Was your Customer Service once beautiful?
“There is one great difficulty with a good hypothesis. When it is completed and rounded, the corners smooth and the content cohesive and coherent, it is likely to become a thing in itself, a work of art. It is then like a finished sonnet or a painting completed. One hates to disturb it. Even if subsequent information should shoot a hole in it, one hates to tear it down because it was once beautiful and whole.”- John Steinbeck, Sea of Cortez.)
The one hypothesis we all hold dear as the ‘perfectly complete painting’ is the quality of our customer service. How many people, staff members, companies and executives firmly believe that their customer service is perfect? Do you?
Even when information or customer feedback or staff feedback shoots a hole in it, still they hate to tear it down, they hate to revisit what they think and ultimately believe what good customer service is.
Why do we behave this way?
- Is it too difficult?
- Are we afraid of the truth?
- Is the sunk cost too high?
- Do we have too much of our self (our own identity) wrapped up in the service we think we deliver?
- Do we want to avoid the consequences of discovering the real truth?
Stew Leonard was awarded 1992 Guinness Book of World Records for largest sales per square foot for a single grocery store: $115 million in sales, $3,470 per square foot. Stew Leonard’s philosophy can be summarised as follows: “You will never ever need a consultant, all that you have to do is be on the floor and talk to your customers. Every day I am on the floor asking my customer what they want. If they say we like the flowers in this type of bouquet, then I say to Stew Junior when you go to the market tomorrow please see if you can get this type of flower…”
Now this sounds easy! But it is not. The reason being, you need to really listen to your customers and know them. You need to treat them as family. They are not a ‘demographic we need to satisfy. Customers are human beings and a lot smarter than we might credit them with. David Ogilvy famously quipped that the ‘consumer is not a moron, she is your wife’.
In the Disney movie Big Hero 6 the film Robotics prodigy Hiro lives in the city of San Fransokyo. Hiro's closest companion is Baymax, a robot whose sole purpose is to take care of people. Often our protagonist, Hiro, had to come up with plans to overcome evil and adversity, and his favourite tactic was hang upside down and look at the problem differently.
We also need to hang upside down when looking at customer service.
How can you ‘hang upside down’ and look at it differently? It is the oldest cliché in the business but great customer service I simply about this: find out what the customer wants and give it to them.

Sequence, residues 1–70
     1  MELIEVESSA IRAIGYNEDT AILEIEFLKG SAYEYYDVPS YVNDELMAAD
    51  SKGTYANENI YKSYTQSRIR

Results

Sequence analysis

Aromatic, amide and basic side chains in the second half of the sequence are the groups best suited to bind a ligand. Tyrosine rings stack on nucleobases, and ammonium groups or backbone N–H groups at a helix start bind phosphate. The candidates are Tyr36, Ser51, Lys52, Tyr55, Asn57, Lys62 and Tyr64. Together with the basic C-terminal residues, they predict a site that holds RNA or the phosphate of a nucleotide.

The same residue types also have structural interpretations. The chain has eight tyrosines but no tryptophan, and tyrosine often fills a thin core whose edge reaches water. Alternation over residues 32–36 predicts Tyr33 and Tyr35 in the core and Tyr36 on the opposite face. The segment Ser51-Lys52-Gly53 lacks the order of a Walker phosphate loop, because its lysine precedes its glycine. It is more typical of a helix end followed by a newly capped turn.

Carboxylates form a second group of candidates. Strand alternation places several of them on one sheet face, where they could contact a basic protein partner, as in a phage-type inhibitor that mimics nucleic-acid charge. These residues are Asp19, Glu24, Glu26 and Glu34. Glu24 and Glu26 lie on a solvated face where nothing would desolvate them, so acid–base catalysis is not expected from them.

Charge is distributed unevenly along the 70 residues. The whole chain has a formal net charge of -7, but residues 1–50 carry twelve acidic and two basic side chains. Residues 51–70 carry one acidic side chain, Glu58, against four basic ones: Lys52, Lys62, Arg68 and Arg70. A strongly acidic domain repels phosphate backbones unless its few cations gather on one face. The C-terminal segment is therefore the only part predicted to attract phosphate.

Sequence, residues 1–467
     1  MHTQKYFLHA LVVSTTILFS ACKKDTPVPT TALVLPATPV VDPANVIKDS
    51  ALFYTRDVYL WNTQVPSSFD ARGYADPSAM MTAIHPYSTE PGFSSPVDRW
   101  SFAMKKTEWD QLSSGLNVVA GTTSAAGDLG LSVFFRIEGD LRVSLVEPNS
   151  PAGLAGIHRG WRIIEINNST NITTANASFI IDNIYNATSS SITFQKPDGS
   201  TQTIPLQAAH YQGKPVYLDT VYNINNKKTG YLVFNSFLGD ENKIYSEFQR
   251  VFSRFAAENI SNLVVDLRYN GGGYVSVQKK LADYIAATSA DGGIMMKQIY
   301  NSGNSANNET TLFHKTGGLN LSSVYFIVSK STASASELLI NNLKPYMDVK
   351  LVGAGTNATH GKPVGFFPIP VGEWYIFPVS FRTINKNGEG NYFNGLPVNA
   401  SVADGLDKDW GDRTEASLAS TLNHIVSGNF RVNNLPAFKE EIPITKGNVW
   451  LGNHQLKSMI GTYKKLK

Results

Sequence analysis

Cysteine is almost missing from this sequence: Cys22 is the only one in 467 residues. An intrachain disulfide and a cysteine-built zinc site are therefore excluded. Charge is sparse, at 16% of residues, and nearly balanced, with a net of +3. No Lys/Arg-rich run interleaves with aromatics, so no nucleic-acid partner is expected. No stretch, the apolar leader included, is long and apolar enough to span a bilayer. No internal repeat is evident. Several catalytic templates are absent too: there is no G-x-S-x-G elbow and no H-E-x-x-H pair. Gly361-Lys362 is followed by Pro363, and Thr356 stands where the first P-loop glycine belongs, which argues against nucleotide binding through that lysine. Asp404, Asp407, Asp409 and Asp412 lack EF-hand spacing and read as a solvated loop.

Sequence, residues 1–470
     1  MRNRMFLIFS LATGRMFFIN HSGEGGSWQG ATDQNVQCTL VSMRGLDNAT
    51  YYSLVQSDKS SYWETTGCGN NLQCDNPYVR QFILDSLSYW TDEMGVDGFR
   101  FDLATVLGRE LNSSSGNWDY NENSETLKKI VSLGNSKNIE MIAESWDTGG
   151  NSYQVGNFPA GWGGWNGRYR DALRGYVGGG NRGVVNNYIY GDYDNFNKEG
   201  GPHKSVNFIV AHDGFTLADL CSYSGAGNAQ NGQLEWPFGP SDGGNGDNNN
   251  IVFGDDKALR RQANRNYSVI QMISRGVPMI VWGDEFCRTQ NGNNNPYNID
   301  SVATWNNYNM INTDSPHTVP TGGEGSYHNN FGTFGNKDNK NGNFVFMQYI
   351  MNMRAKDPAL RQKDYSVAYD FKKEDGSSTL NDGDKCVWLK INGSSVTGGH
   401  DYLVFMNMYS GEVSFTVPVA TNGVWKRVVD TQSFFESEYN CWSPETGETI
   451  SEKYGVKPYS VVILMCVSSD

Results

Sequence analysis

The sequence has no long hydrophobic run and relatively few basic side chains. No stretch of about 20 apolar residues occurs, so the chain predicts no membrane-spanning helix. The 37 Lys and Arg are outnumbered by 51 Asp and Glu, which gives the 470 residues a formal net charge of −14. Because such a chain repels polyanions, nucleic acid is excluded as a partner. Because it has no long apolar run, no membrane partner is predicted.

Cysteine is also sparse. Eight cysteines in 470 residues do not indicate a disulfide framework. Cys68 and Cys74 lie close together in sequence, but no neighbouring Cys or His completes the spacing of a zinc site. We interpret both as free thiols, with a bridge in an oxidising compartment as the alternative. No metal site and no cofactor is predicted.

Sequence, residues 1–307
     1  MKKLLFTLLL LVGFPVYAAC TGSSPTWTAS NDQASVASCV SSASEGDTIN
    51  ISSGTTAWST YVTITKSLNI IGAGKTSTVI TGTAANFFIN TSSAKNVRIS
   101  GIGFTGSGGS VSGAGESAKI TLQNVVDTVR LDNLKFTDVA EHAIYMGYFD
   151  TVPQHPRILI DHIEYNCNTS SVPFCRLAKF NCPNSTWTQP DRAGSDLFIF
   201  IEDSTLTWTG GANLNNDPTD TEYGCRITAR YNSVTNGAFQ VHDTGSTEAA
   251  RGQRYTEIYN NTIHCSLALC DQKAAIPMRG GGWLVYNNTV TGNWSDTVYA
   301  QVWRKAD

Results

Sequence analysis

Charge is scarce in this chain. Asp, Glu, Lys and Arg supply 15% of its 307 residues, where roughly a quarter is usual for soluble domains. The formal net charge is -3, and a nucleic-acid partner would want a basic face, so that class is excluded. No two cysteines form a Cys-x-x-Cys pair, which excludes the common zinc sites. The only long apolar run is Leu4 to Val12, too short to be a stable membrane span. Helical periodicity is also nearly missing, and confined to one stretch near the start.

· Pause the research and just ASK and LISTEN. Get on the floor and ask them what they like, or not like. It is your shop you are allowed to talk to them and I know that they want to talk to you.
· Do you know the ‘persona’ of your customers? Are they the “smart adventurer” Not that they are 25-35 year old urban males earning…blah, blah….. And once you understand that, what does it mean in practice?
· Shop your own store from the outside in: Let your staff walk in customer shoes on and buy from your store. Think, see and experience the touch points from a customer’s point of view. If your internal processes are not working for the customer at the touch points and moments of truth fix it, change it or throw it in the bin!
· Make sure it is NOT about selling along. Develop a bigger purpose for your staff, not just selling to customers but inviting them into your place of fun, solutions and engagement. You might the only person that day that makes the customers’ day – and they will repay you handsomely for it, if not today, tomorrow.
· When staff are not confident in themselves and their products, they struggle to focus on the customer. You need to be an authority in your field. You not only must know your products and services but you need to know your customers and most importantly why they buy from you. (Consumers use the internet to educate themselves about products, so it takes serious training and dedication to actually stay ahead of the curve.)
· Customers buy from you because like you, like what you stand for, like you because you are similar and not only because they can get the product from you.
· You are not your customers. Don’t buy what you like, don’t sell the way you like. Do it for them, do it their way, not your way. If you want to make money, you can’t listen to Frank Sinatra because doing it my way is the wrong way.
GANADOR: Turning challenges into opportunities with smart people solutions
(PS: Thanks to Moonyeen for writing most of the post this week when time was at a premium)